I do have my suspicions about the list of hypotheses above. Earlier, I described Hill House as an “all of the above” haunting. And I wonder if the reason it goes after Eleanor, and Eleanor’s psychic power, is that it is what it eats—that it has so many terrifying special effects because it gains some capability from each of its victims.
Because, here’s the thing. The book ends with more-or-less the same description of Hill House that introduced us: it’s not sane, it’s 80 years old, it’s walls are upright, bricks meet neatly, floors are firm, doors are sensibly shut, silence lies steadily… and we know, now, that most of that is lies. The walls are not upright, the floors are not firm, the silence is broken by pounding and whispers and giggles. So perhaps it is, also, a lie that whatever walks there walks alone.
Perhaps Eleanor’s ghost now walks, finally and forever at home, with the spirits of desolate wives, constrained daughters, the tyrant Crain, and the house playing Terrible Mother/Lover/Child to them all. Perhaps her power joins theirs. And perhaps the house’s future visitors—next time someone is foolish and arrogant and curious enough to visit—will hear, along with the pounding and childish giggles, a sing-song voice chanting, repeating, “Journeys end in lovers meeting.”
I sure hope they get out quickly.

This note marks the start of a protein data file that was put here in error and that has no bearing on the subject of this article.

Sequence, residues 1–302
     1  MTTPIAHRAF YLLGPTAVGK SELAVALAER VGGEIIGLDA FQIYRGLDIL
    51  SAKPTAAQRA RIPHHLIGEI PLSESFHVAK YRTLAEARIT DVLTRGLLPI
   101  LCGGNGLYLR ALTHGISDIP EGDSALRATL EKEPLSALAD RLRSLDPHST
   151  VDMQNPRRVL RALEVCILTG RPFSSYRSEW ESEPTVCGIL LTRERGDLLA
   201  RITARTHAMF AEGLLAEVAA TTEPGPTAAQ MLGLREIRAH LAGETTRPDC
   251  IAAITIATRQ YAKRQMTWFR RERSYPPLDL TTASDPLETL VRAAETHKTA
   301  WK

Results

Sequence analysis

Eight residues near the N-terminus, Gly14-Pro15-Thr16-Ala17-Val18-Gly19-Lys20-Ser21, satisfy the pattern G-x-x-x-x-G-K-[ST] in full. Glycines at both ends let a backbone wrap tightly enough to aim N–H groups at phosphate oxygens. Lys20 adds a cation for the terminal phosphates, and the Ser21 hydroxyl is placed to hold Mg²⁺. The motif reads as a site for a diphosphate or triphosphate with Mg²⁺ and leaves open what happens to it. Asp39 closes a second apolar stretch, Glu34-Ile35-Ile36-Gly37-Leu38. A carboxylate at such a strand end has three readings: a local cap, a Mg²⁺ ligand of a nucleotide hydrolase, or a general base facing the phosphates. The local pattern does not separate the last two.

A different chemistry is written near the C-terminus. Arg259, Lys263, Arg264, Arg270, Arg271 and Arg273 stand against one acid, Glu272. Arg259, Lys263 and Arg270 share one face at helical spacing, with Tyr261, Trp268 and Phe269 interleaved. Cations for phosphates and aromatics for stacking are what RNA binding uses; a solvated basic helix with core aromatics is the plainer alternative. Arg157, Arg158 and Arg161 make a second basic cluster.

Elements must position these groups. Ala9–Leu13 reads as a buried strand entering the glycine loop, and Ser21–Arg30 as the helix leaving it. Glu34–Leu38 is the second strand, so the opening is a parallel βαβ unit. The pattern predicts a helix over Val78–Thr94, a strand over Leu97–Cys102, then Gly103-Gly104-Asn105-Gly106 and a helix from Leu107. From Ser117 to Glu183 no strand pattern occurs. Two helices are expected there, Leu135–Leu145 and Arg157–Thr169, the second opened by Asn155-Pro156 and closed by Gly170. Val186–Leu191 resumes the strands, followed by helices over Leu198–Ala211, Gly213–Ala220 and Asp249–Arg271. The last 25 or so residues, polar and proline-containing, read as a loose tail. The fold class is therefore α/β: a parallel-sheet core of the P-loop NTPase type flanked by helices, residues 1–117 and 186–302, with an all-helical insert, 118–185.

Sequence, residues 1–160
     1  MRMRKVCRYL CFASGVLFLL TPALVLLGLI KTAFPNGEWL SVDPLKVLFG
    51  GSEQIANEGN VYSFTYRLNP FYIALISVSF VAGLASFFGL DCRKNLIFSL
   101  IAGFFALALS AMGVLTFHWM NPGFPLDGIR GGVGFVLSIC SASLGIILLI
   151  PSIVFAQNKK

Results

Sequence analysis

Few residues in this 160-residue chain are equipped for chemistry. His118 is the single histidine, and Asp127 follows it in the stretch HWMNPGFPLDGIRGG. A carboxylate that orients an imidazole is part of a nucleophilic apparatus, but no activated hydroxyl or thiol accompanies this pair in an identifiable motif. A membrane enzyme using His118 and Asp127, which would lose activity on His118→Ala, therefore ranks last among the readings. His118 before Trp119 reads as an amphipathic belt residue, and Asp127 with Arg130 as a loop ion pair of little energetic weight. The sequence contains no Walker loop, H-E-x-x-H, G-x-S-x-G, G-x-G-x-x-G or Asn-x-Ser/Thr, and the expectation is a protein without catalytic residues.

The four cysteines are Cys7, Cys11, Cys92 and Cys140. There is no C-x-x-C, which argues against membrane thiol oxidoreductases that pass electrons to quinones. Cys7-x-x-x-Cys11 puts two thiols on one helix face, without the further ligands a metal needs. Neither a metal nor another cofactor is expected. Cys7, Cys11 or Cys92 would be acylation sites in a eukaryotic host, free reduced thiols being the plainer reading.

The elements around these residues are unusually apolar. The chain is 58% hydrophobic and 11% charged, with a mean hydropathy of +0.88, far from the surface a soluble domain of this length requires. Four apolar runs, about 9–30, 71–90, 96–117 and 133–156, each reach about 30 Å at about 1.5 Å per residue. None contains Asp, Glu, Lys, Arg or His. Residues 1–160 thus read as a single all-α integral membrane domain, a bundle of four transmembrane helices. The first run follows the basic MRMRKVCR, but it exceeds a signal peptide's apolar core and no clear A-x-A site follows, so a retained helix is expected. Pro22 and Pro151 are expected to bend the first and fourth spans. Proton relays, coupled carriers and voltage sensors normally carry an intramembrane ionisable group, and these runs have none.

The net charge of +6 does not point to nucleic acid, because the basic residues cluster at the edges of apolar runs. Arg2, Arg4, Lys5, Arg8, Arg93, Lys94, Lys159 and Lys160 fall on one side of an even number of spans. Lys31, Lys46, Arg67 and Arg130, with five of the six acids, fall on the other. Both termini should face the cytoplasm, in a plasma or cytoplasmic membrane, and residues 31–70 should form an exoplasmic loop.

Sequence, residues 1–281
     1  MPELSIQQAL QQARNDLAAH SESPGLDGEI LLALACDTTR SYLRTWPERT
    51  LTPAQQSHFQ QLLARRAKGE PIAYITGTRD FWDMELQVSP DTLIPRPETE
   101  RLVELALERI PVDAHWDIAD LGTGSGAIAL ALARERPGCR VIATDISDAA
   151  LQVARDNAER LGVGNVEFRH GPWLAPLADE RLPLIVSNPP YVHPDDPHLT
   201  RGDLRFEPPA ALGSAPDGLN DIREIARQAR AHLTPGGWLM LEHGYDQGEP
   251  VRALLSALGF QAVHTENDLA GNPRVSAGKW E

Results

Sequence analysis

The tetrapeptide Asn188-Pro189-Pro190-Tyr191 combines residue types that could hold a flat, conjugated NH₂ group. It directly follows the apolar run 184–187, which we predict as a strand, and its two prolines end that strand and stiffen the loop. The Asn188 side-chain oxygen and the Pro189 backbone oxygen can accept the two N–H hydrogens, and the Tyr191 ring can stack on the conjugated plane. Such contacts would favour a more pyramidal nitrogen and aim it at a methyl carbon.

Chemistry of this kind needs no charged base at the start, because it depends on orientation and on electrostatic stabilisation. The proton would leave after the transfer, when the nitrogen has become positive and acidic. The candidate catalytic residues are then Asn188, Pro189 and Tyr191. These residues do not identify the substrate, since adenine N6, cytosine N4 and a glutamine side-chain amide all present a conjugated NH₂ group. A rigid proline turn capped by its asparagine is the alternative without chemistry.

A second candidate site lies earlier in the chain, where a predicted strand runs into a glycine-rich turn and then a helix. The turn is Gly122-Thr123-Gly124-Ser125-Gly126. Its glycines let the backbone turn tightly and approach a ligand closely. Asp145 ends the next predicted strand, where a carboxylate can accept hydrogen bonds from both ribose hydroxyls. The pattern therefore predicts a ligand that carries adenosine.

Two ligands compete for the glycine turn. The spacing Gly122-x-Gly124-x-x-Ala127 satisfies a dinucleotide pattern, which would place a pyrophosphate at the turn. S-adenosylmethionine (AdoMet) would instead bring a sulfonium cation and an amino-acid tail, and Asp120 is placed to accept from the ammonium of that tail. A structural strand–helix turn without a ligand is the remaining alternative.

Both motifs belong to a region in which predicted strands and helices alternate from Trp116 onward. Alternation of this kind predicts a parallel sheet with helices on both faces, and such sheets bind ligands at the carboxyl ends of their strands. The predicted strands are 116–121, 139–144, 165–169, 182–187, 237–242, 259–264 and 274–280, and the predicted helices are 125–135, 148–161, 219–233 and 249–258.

This week’s metrics
Going Down With My Ship: I knew it was horror when I picked it up, yeah? But still Theo—pulling now that Eleanor no longer threatens her domestic tranquility—calls her “my Nellie,” and begs her to be happy, and promises letters and visits. And touches her cheek and suggests a reunion picnic by the brook.
But afterwards, she does go home and regain that domestic tranquility—finding her “friend” contrite and glad to have her back. I wonder how much Theo confesses about her time away.
Libronomicon: Dr. Montague’s article on the psychic phenomena of Hill House turns out to be, at best, good bedtime reading for his colleagues. Maybe next time he should pick more dramatic fodder for inspiration.
Madness Takes Its Toll: Hill House. Still not sane.
Next week, we change up our usual pattern for a wrap-up post on Hill House while the shivers are still fresh in our minds. After that another short story—and after that we start our new alternating-weeks longread, T. Kingfisher’s The Hollow Places!
Ruthanna Emrys is the author of the Innsmouth Legacy series, including Winter Tide and Deep Roots. Her short story collection, Imperfect Commentaries, is available from Lethe Press. You can find some of her fiction, weird and otherwise, on Tor.com, most recently “The Word of Flesh and Soul.” Ruthanna is online on Twitter and Patreon, and offline in a mysterious manor house with her large, chaotic household—mostly mammalian—outside Washington DC.
Anne M. Pillsworth’s short story “The Madonna of the Abattoir” appears on Tor.com. Her young adult Mythos novel, Summoned, is available from Tor Teen along with sequel Fathomless. She lives in Edgewood, a Victorian trolley car suburb of Providence, Rhode Island, uncomfortably near Joseph Curwen’s underground laboratory.